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Mitsubishi Heavy, Japan Nuclear Fuel to invest in France’s Areva


Mitsubishi Heavy Industries Ltd. is reportedly making final arrangements to invest tens of billions of yen in French atomic energy company Areva jointly with Japan Nuclear Fuel Ltd.

Mitsubishi Heavy Industries Ltd. and Japan Nuclear Fuel Ltd. are making final arrangements to invest tens of billions of yen in atomic energy company Areva, which is being bailed out by the French government, sources close to the matter said Thursday.

Through the investment, the heavy machinery manufacturer and the spent-fuel reprocessing firm hope to improve technical cooperation with Areva on decommissioning reactors and reprocessing nuclear fuel.

Areva has been reeling from weak global demand since the 2011 Fukushima disaster triggered a slump in the nuclear power industry.

Areva is being bailed out by the French government, which has been asking Mitsubishi Heavy to invest since last year.

MHI President Shunichi Miyanaga had said that investing in Areva, which has expertise in decommissioning procedures and fuel reprocessing, would benefit Japan as it faces the prospect of decommissioning more aging nuclear reactors amid high public concern over nuclear safety.

A major Chinese nuclear power company is also considering investing in the state-owned group.

Mitsubishi Heavy is also planning to invest in Areva’s plant-building arm in hopes of winning orders to build nuclear power plants in emerging economies where demand is growing.

The heavy machinery maker and Areva are already involved in a joint venture to develop nuclear plants with advanced reactors.


December 9, 2016 Posted by | Japan | , , , | Leave a comment

Fukushima radiation has reached U.S. shores

Its official. Woods Hole Oceanographic Institute has samples of Fukushima-sourced cesium-134 in salmon off the Pacific Coast of Oregon. Given cesium-134 has such a short half-life the source is linked to the on-going leaks from Japan’s 2011 nuclear disaster. While the amount is still very, very low, it remains a concern given the Fukushima disaster is still not contained after more than five years.
SALEM, Ore. — For the first time, seaborne radiation from Japan’s Fukushima nuclear disaster has been detected on the West Coast of the United States.
Cesium-134, the so-called fingerprint of Fukushima, was measured in seawater samples taken from Tillamook Bay and Gold Beach in Oregon, according to researchers from the Woods Hole Oceanographic Institution.
Because of its short half-life, cesium-134 can only have come from Fukushima.
For the first time, cesium-134 has also been detected in a Canadian salmon, according to the Fukushima InFORM project, led by University of Victoria chemical oceanographer Jay Cullen.
Should we be worried? In both cases, levels are extremely low, the researchers said, and don’t pose a danger to humans or the environment. Massive amounts of contaminated water were released from the crippled nuclear plant following a 9.0 magnitude earthquake and tsunami in March 2011. More radiation was released to the air, then fell to the sea.
Woods Hole chemical oceanographer Ken Buesseler runs a crowd-funded, citizen science seawater sampling project that has tracked the radiation plume as it slowly makes its way across the Pacific Ocean.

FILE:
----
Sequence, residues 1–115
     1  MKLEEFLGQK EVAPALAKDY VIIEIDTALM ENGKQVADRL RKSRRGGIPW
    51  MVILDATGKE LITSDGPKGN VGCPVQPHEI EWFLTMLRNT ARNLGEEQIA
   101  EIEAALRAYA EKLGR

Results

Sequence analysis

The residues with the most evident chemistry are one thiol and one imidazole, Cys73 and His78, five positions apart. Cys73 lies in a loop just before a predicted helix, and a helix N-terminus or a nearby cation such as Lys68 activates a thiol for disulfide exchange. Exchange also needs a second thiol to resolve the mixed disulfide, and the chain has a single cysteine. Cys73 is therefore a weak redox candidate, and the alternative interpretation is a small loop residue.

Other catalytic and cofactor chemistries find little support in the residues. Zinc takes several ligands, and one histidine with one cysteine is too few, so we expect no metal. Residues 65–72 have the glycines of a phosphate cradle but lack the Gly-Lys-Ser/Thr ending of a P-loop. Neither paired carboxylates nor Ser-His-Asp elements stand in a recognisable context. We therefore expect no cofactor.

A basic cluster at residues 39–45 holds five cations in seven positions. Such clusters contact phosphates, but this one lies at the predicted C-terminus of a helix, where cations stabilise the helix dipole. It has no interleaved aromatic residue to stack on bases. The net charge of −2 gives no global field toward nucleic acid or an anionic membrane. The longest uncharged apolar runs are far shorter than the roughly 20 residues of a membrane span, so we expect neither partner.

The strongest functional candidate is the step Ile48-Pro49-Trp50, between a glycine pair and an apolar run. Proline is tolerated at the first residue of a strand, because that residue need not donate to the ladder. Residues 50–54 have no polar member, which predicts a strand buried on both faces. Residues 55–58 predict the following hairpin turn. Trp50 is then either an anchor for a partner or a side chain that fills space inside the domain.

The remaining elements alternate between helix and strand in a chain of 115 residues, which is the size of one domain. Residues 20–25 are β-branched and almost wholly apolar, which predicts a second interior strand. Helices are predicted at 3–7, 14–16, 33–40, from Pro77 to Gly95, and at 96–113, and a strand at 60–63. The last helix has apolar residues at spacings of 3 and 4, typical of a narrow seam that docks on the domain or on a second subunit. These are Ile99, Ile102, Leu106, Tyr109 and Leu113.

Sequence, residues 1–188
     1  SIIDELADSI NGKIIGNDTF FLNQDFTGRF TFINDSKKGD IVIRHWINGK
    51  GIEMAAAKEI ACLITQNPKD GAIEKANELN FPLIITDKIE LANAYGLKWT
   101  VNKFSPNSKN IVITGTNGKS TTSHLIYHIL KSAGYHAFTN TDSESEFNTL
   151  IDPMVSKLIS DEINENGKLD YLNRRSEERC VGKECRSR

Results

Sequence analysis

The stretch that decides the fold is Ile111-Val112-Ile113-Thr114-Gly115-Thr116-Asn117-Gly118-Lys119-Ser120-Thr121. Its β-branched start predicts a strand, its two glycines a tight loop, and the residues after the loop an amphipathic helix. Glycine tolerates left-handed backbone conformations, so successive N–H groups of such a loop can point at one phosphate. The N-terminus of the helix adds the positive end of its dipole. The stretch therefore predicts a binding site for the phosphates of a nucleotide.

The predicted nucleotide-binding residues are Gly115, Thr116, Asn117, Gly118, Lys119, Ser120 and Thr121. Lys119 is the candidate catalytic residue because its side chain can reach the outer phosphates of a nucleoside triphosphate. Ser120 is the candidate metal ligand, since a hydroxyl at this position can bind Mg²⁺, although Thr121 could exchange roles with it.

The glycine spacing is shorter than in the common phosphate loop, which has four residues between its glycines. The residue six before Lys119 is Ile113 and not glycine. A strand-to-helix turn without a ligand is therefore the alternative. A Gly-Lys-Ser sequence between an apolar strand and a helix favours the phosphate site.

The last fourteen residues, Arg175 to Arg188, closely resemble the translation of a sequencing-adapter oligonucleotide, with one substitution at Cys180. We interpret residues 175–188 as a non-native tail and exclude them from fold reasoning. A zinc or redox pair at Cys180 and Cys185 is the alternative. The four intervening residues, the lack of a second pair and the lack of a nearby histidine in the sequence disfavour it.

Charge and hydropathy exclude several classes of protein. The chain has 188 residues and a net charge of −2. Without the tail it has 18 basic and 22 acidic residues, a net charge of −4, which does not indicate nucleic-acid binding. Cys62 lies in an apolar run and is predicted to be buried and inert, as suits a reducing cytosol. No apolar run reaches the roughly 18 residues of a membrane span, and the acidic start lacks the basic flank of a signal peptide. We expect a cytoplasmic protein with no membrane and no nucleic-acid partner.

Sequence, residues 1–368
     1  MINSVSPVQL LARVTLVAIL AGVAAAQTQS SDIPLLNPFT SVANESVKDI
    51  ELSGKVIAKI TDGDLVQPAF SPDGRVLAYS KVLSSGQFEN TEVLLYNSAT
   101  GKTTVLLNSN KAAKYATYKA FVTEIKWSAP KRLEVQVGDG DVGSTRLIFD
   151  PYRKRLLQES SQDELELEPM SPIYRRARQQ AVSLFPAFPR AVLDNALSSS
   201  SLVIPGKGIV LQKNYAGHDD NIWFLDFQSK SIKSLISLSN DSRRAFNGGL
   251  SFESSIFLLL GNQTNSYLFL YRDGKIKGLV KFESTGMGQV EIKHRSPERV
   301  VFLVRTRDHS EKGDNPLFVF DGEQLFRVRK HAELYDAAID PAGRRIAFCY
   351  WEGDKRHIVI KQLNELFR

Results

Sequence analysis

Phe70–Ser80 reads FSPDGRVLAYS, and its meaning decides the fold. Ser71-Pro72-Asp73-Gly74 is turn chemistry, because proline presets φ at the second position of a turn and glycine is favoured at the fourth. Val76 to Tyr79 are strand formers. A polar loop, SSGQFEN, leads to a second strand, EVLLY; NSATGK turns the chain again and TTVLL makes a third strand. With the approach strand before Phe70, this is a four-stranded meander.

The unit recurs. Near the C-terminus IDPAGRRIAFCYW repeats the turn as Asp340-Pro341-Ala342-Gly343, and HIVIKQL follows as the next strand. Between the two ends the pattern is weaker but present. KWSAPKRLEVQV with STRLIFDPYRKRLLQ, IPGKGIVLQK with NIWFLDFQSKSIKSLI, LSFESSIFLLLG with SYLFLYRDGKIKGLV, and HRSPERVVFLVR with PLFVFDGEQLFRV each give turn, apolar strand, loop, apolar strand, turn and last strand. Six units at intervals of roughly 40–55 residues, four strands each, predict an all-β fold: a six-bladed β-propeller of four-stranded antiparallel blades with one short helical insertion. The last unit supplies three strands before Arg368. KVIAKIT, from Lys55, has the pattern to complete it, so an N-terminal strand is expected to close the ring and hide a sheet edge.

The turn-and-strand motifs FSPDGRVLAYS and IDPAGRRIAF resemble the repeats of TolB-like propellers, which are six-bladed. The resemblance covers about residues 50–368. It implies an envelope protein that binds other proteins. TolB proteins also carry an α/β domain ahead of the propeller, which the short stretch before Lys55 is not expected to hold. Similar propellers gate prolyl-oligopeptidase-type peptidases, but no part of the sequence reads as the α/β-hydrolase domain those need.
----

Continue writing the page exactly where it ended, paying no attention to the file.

The Oregon samples, marking the first time cesium-134 has been detected on U.S. shores, were taken in January and February of 2016 and later analyzed. They each measured 0.3 becquerels per cubic meter of cesium-134.
Buesseler’s team previously had found the isotope in a sample of seawater taken from a dock on Vancouver Island, B.C., marking its landfall in North America.
In Canada, Cullen leads the InFORM project to assess radiological risks to that country’s oceans following the nuclear disaster. It is a partnership of a dozen academic, government and non-profit organizations.
Last month, the group reported that a single sockeye salmon, sampled from Okanagan Lake in the summer of 2015, had tested positive for cesium-134.
The level was more than 1,000 times lower than the action level set by Health Canada, and is no significant risk to consumers, Cullen said.
Buesseler’s most recent samples off the West Coast also are showing higher-than background levels of cesium-137, another Fukushima isotope that already is present in the world’s oceans because of nuclear testing in the 1950s and 1960s.
Those results will become more important in tracking the radiation plume, Buesseler said, because the short half-life of cesium-134 makes it harder to detect as time goes on.
Cesium-134 has a half-life of two years, meaning it’s down to a fraction of what it was five years ago, he said. Cesium-137 has a 30-year half-life.
A recent InFORM analysis of Buesseler’s data concluded that concentrations of cesium-137 have increased considerably in the central northeast Pacific, although they still are at levels that pose no concern.
“It appears that the plume has spread throughout this vast area from Alaska to California,” the scientists wrote.
They estimated that the plume is moving toward the coast at roughly twice the speed of a garden snail. Radiation levels have not yet peaked.
“As the contamination plume progresses towards our coast we expect levels closer to shore to increase over the coming year,” Cullen said.
Even that peak won’t be a health concern, Buesseler said. But the models will help scientists model ocean currents in the future.
That could prove important if there is another disaster or accident at the Fukushima plant, which houses more than a thousand huge steel tanks of contaminated water and where hundreds of tons of molten fuel remain inside the reactors.
In a worst-case scenario, the fuel would melt through steel-reinforced concrete containment vessels into the ground, uncontrollably spreading radiation into the surrounding soil and groundwater and eventually into the sea.
“That’s the type of thing where people are still concerned, as am I, about what could happen,” Buesseler said.